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The Adirondack Park

Discussion in 'Miscellaneous' started by Greg Nolan, Dec 9, 2016.

  1. Greg Nolan

    Greg Nolan enthusiast

    New York’s Adirondack Park is the largest park in the contiguous United States, at more than 9,300 square miles (six million acres). It is the world’s largest, intact, temperate, deciduous forest. It protects the sources of most of New York’s major rivers and safeguards nearly 90 percent of the never-logged forests and motor-free wilderness areas remaining in the Northeast.

    Members of the WCHA who have attend our annual Assembly in the last several years are familiar with the park -- unusual in that it includes 130 permanent communities and some 130,000 year-round residents as well as extensive areas of wilderness. The Adirondacks provide many places to paddle in uniquely accessible areas, both in developed resorts (such as Lake George) and in large areas of undeveloped wilderness.

    You may find of interest the following material on the Park, the use of a $300 million Environmental Protection Fund, and the expansion of the Park by acquiring some 65,000 acres land, including land in the High Peaks region and the headwaters of the Hudson River, and determining how the newly-acquired land is to be classified:

    http://www.adirondackcouncil.org/uploads/newsletter_archive/1457979577_Newsletter_Winter 2016.pdf

    Indeed, if you are so minded, you have an opportunity to be heard on how the newly-acquired land is to be classified and used:

    http://bewildnewyork.org/

    http://salsa4.salsalabs.com/o/51275/p/dia/action3/common/public/?action_KEY=20239
     
  2. Rob Stevens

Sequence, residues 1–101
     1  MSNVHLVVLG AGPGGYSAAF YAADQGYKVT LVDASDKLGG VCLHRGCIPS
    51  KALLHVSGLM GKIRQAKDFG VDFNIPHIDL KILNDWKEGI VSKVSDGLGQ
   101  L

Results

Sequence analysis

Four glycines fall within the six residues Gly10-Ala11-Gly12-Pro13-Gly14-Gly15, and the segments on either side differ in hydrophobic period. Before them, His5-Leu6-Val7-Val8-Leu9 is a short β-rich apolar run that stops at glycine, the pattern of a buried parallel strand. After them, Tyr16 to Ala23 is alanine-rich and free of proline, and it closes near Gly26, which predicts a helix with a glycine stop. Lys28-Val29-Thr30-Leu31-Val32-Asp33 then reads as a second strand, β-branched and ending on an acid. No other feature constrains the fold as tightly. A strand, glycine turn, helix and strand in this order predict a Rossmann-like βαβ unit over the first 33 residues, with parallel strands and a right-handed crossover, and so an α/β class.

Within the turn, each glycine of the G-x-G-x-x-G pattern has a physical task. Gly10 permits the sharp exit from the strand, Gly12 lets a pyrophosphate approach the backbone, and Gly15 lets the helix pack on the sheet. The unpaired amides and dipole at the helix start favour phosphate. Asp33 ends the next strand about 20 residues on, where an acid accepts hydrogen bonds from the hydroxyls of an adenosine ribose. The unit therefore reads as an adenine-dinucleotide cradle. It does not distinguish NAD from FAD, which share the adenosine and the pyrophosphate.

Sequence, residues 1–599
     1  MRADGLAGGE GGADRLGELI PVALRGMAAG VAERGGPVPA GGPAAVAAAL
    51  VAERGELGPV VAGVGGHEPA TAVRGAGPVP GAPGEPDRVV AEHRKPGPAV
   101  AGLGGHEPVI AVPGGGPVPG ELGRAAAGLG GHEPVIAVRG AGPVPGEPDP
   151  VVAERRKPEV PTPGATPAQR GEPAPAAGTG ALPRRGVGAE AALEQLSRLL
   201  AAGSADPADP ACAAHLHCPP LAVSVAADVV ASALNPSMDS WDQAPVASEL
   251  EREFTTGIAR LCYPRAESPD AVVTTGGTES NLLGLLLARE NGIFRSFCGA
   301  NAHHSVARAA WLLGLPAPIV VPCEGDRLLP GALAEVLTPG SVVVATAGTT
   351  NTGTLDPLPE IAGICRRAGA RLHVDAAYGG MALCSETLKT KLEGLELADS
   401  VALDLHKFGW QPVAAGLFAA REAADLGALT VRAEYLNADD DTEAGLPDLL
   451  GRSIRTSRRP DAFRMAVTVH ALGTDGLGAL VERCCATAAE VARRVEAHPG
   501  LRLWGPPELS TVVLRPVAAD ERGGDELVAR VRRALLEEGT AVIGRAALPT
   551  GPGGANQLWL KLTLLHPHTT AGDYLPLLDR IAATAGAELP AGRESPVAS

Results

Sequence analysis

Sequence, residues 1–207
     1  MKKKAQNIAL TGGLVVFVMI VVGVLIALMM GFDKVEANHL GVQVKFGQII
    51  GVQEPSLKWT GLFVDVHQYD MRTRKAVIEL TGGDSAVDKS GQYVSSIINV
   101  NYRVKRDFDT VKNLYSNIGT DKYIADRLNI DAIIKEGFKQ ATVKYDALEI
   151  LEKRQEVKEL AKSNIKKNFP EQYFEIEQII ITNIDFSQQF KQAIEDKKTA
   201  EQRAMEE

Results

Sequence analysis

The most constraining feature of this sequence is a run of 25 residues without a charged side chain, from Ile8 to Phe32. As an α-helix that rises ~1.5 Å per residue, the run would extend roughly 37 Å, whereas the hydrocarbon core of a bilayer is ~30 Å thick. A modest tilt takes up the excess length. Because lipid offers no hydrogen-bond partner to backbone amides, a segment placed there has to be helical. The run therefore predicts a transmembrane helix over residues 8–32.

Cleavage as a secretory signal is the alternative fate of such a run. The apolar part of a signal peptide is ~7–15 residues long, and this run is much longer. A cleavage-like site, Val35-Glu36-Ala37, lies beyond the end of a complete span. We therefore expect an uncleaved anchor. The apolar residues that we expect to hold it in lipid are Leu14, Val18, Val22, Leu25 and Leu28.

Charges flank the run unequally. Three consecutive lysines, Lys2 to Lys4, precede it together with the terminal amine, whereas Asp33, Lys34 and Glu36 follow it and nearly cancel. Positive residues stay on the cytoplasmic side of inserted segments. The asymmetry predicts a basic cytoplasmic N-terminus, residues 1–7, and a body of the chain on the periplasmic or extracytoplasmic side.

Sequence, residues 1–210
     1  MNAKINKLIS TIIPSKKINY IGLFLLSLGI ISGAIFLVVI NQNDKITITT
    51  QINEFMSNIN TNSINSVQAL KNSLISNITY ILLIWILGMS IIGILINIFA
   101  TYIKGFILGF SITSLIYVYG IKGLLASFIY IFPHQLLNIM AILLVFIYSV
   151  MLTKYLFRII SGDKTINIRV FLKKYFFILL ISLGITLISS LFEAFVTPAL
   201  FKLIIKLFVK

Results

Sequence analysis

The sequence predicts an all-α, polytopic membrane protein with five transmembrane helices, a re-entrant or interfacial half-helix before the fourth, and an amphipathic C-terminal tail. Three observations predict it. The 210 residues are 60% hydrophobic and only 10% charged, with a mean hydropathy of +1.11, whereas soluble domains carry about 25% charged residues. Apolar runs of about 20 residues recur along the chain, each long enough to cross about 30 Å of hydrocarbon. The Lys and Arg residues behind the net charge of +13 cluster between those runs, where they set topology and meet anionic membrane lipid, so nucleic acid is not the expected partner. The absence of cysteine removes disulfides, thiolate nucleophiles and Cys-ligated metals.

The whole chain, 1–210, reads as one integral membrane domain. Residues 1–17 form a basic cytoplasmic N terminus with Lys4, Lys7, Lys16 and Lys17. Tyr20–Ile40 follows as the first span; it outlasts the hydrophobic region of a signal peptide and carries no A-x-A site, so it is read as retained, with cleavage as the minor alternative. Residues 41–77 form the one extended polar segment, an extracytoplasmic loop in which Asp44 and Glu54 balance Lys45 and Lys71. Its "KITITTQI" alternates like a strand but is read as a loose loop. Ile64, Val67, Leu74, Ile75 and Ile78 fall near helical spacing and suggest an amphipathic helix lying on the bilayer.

Rob Stevens Wooden Canoes are in the Blood

  3. OP
    OP
    Greg Nolan

    Greg Nolan enthusiast

    Actually, Paul Smith’s College, located in the St. Regis Canoe Area, is within the Adirondack Park.

    The Adirondack Park (and the similar Catskill Park) is established by Article 14 of the New York State Constitution. http://www.dec.ny.gov/lands/55849.html

    The Adirondack Park is unique in this nation, both because of its large size -- the largest state park in the country -- and because it is comprised of lands that are both privately- and publicly-owned lands. How this works is pretty complicated sometimes, but even lands of state agencies and local governments, as well as privately owned lands, are subject to the jurisdiction and regulations of the Adirondack Park Agency. This pamphlet describes how this all works -- usually well, but sometimes not without conflict. http://www.adirondackwild.org/pdf/pdf_article-XIV-booklet/Article XIV Booklet.pdf

    The boundaries of the parks are defined by a “Blue Line.”

    blueline.jpg

    (The map in the link to the St Regis Canoe Area given above also shows the Blue Line of the Adirondack Park, and Paul Smith's College is well within the Park.)

    The land newly acquired was previously in private ownership (paper company), and approval is pending for a land use plan that will be the basis for regulating activity within this land. Approximately half of the land within the Blue Line is state-owned land and almost all of that is required by the State constitution to be kept “forever wild.” There is a current controversy because the proposed regulatory plan will allow motorized vehicles on some of the newly acquired land -- a use not consistent with “forever wild.”
     
  4. Larry Meyer

    Larry Meyer Wooden Canoes are in the Blood

    You might enjoy a book on FDR by Douglas Brinkley, Rightful Heritage: Franklin D. Roosevelt and the Land of America, which takes the unusual slant of looking at FDR’s record as a conservationist. While I have read a lot of FDR biographies, this is the first (and only) I have ever encountered that so dramatically illustrated how many preserves and wildlife refuges he created. He vastly outdid Teddy on that front.
     

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